It’s one thing to want the perks of a job, like prestige, remuneration, etc., but it’s another to actually thrive in that position. Sometimes job positions and their actual day-to-day work can produce different feelings in the same people. I feel like your job should be something you see yourself doing full time, not being full time. There should be a certain level of interest, some ability and energy for activities ascribed to that position. Another important way to find out if you’re willing to do the job full time is to talk to someone who has held the job you want or something similar. Discuss the joys and struggles of the position. Above all, ask how that job fits into your overall goals. This is just as important as passion. – Samuel Thimothy, OneIMS
7. Will it help me reach my goals?
Write down the top three reasons you’re considering leaving your job. Many job opportunities sound great, and it’s easy to be tempted by higher salaries or better titles. However, when you commit what you truly want to paper and use it to guide your decisions, you won’t let temptations get in the way of your real goals. For each job you consider applying for and for each opportunity you’re offered, take a hard, honest look at what you’ll get if you make the move. Will you get the three things on your list? If not, the job isn’t for you. Don’t sacrifice what you really want for other temptations. – Jonathan Prichard, MattressInsider.com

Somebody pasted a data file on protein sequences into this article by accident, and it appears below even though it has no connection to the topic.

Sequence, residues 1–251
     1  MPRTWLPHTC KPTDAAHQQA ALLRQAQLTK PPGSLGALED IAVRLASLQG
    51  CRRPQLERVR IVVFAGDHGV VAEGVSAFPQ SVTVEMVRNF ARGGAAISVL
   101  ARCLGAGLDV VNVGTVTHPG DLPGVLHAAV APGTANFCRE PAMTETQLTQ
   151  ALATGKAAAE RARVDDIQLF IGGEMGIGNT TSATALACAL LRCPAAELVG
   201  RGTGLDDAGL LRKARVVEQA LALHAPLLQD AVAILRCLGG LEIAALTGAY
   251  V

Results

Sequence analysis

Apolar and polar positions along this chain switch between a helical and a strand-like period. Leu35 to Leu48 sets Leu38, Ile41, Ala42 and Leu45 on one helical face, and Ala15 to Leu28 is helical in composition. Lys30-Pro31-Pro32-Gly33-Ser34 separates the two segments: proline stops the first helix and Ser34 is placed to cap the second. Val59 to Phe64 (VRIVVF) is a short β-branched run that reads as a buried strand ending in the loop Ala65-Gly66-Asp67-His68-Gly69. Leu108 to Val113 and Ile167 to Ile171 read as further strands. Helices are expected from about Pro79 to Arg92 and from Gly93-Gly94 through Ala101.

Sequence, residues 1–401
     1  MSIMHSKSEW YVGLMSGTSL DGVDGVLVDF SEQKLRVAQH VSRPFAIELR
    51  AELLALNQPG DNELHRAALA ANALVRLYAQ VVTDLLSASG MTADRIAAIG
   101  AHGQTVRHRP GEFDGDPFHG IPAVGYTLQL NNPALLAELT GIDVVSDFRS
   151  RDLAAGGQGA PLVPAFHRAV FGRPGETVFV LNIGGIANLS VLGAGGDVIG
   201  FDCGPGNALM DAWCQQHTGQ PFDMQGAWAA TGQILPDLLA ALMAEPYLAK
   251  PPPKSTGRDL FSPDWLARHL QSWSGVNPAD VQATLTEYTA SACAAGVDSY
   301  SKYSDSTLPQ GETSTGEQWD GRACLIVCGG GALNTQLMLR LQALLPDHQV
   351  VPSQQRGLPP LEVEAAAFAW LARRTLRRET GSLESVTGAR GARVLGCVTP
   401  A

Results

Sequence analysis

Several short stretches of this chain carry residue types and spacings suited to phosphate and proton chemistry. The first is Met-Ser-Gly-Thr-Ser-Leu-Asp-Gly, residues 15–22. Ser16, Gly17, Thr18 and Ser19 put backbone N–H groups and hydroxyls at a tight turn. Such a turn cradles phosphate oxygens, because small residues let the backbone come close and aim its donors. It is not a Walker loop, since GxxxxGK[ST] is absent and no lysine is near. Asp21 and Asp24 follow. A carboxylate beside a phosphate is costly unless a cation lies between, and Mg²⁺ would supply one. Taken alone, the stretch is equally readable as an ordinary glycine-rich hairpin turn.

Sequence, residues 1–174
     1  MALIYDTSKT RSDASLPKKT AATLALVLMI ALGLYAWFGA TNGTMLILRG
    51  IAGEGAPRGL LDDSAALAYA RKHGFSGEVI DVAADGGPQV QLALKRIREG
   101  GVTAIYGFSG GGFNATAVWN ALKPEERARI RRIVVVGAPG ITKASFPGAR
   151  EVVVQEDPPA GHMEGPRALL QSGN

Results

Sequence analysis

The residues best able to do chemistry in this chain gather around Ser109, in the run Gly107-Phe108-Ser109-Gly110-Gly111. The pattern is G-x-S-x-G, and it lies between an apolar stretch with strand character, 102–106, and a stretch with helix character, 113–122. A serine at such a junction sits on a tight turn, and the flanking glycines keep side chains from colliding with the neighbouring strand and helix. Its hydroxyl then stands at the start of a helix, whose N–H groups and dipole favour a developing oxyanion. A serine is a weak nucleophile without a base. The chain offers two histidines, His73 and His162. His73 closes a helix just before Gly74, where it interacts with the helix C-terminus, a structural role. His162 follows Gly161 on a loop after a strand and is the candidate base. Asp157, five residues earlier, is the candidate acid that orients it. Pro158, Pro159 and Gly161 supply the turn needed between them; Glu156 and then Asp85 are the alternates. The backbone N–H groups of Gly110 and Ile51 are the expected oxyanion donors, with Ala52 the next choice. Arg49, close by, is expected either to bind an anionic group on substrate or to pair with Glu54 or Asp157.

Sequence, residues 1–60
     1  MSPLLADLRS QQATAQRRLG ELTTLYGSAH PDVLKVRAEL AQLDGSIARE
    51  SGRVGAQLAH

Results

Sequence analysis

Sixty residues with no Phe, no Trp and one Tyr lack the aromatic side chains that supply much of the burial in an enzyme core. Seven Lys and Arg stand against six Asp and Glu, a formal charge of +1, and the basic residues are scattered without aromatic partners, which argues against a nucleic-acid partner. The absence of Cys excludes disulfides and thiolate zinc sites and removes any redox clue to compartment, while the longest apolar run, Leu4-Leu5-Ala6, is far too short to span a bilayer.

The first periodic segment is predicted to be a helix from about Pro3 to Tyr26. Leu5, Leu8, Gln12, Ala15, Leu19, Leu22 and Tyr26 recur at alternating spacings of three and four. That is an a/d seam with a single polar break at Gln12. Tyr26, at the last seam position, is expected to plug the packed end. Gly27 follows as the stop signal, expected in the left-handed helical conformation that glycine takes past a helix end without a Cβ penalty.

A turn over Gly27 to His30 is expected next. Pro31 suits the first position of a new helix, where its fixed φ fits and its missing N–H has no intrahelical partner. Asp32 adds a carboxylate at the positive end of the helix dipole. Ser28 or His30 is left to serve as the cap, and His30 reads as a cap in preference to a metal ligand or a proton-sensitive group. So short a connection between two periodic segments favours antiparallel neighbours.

8. Does it align with my top priority?
Write down your career goals. You’d be surprised how easy it is to lose sight of long-term goals and dreams. If you’re thinking of making a change, actually write down your goals on a piece of paper. The act of writing them down will help you make them more clear, concise and focused. Next, evaluate your written goals with the mission of the position you’re interested in. Put yourself under a microscope. What is your top priority, and does the new position align with it? – Shu Saito, Godai Soaps
9. What does my gut tell me?
Entrepreneurs make many decisions based on instinct and their gut. Employees, I believe, take more time to think when making a decision, especially when possibly accepting a new job. Calculating and weighing options is a good thing to a point, but I always advise people to make a leap and trust the process if you have a good feeling about it. It’s like a trust fall. You’re going to have to try at some point to fall back, and someone will surprise you by catching you. – Michael Sinensky, WeShield